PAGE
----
Chanting anti-Turkish and anti-American slogans, more than 5,000 supporters of Greece’s neo-Nazi Golden Dawn party marched past the U.S. Embassy in Athens on Feb. 2 to to commemorate a 1996 island dispute that caused a crisis between Greece and Turkey.
Many of the marchers held burning torches and hundreds of motorcyclists brought up the rear in what was a peaceful demonstration, the Associated Press reported.
The 1996 incident involved Imia, two uninhabited islets off the Turkish coast whose ownership is disputed by Turkey and Greece. Nationalists from both countries planted flags on the islets, and a military confrontation between the two nations was only averted after U.S. intervention.
Three Greek navy officers died when their helicopter crashed during a reconnaissance mission in the area, some said to Turkish fire, but the incident was covered up by both countries to prevent escalation of the crisis. Withdrawal of the Greek flag was seen by nationalists as a shameful capitulation.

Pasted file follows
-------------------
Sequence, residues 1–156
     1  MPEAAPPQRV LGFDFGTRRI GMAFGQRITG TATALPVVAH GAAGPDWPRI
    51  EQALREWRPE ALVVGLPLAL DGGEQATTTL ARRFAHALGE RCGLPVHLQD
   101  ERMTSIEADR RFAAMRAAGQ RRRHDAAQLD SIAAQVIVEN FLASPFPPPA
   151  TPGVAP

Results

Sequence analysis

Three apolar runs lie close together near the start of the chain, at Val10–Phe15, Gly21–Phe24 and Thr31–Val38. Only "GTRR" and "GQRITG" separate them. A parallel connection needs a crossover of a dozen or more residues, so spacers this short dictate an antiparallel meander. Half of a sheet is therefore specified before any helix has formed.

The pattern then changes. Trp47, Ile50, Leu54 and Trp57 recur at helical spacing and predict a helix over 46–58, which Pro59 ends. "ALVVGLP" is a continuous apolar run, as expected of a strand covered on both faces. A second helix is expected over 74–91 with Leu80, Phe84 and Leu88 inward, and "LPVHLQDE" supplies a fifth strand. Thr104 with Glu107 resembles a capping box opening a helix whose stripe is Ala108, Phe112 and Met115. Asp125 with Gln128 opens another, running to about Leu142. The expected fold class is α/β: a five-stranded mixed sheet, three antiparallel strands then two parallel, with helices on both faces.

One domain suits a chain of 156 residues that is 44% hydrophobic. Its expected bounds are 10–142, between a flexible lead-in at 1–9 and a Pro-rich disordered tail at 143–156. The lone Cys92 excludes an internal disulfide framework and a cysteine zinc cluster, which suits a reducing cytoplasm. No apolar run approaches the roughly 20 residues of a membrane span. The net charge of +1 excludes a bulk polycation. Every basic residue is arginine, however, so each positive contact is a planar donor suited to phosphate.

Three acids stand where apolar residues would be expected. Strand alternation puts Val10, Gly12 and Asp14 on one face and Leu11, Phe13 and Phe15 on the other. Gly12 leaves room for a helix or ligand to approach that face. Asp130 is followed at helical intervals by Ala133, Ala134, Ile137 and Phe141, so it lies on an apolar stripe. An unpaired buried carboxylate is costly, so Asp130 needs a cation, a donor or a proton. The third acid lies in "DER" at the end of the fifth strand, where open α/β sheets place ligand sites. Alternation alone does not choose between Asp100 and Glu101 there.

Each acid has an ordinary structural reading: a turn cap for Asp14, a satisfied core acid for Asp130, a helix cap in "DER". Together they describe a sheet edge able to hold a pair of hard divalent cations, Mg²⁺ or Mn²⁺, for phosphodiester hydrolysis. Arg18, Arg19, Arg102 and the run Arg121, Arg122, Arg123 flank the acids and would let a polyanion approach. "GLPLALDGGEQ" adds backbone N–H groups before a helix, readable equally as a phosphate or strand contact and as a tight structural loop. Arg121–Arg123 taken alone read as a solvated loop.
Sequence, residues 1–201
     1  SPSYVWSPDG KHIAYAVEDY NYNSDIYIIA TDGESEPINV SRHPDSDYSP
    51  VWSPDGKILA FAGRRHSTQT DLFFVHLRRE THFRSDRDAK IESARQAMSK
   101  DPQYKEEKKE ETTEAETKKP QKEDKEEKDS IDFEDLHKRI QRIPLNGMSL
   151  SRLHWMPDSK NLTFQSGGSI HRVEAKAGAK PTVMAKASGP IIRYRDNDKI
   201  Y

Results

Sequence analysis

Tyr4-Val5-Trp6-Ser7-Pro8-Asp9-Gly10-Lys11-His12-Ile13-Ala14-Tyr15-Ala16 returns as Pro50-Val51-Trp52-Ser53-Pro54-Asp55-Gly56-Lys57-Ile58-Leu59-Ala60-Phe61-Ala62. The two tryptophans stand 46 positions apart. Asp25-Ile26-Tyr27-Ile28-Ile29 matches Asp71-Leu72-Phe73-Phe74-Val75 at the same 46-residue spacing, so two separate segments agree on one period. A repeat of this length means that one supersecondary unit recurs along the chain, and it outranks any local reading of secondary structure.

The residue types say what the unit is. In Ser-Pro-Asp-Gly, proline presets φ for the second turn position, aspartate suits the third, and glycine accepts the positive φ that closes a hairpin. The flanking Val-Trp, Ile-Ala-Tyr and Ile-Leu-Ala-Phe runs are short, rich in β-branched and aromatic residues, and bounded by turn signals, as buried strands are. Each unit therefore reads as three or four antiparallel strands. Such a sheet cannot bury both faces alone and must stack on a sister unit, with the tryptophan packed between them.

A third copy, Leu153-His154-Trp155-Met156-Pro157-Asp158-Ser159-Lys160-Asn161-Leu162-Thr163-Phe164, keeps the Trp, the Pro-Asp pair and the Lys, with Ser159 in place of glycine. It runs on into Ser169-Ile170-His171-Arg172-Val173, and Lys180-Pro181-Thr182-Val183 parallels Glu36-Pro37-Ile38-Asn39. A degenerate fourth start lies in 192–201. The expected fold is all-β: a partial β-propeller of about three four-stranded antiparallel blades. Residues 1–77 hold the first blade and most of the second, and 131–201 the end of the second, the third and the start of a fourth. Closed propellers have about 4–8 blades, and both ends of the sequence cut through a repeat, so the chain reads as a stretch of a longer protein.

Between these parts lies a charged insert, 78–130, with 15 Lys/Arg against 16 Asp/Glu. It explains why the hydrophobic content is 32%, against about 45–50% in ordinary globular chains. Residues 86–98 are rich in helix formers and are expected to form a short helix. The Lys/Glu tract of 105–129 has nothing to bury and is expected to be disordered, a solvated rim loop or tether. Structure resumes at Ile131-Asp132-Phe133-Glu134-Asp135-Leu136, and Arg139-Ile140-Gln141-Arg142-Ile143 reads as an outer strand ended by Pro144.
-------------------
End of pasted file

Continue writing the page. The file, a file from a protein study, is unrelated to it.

A likely clash, or even war, was averted when U.S. envoy Richard Holbrooke, working by telephone, conferred with Turkish and Greek officials who refused to speak directly to each other. A deal was reached to return to the “status quo ante”—i.e., differing views on sovereignty and no military forces on the islets. Greek and Turkish officials provided assurances to the United States that their military forces on and arrayed around the islets would be removed, with the U.S. agreeing to monitor the withdrawal. The fundamental territorial issue has remained unresolved since that time.
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